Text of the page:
Hamish McKenzie: Yeah most startups fail. It’s even harder to start a car company; in the U.S. in particular it’s hard to start a car company. Tesla is the only one since Chrysler in 1925 that has succeeded. It’s even more ridiculous to start an electric car company changing people's behaviors and then introducing the completely new technology. But the time is right for it and Tesla has led the way for the others; it has shown that it’s possible and that there is demand for this kind of cars. In China, I expect there will be a couple who get by. Byton is really interesting one led by Carsten Breitfeld who was the head of the i8 and i3 program at BMW, got serious money behind them. NIO is another one; they’re already public and making cars and put cars on the road. It’s really quite an achievement. And also they mix industry talent from auto and technology and seemed to be doing that relatively well.
I think a lot of these Chinese companies trying to mix Chinese culture and American culture, that's really difficult. So that will probably be a hard barrier for them to overcome. But just from the sheer weight of economic forces and the need to shift away from a carbon based economy to clean energy by necessity there have to be some winners. I am encouraged by Rivian, I don’t know much about them except seeing their product on the website. The vehicle sounds awesome, the pickup truck and it’s a pretty encouraging sign that Amazon put $700 million into them. So without any particular inside knowledge I see them as hopeful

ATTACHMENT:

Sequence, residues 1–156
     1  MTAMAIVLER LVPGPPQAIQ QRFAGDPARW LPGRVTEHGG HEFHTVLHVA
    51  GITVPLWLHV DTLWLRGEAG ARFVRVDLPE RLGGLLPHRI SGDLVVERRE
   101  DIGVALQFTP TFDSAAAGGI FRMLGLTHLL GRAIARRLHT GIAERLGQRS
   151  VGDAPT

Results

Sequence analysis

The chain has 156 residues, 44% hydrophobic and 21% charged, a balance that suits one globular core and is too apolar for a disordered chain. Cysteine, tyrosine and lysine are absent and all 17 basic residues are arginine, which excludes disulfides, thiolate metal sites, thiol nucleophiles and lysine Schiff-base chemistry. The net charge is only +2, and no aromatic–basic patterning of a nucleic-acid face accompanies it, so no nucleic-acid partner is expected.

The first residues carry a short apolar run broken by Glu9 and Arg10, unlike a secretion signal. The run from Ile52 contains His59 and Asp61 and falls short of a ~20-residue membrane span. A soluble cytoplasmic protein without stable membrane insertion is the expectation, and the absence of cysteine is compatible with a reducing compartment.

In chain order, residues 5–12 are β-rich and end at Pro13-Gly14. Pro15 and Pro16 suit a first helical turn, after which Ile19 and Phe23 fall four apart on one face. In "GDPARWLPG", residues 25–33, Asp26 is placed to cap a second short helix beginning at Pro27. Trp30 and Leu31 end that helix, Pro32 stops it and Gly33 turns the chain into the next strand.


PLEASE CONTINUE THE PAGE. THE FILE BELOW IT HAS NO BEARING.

Announcer: You're listening to a conversation about how Tesla is driving the rest of the auto industry into the age of electricity. This is Climate One. Coming up, the view from inside the factory.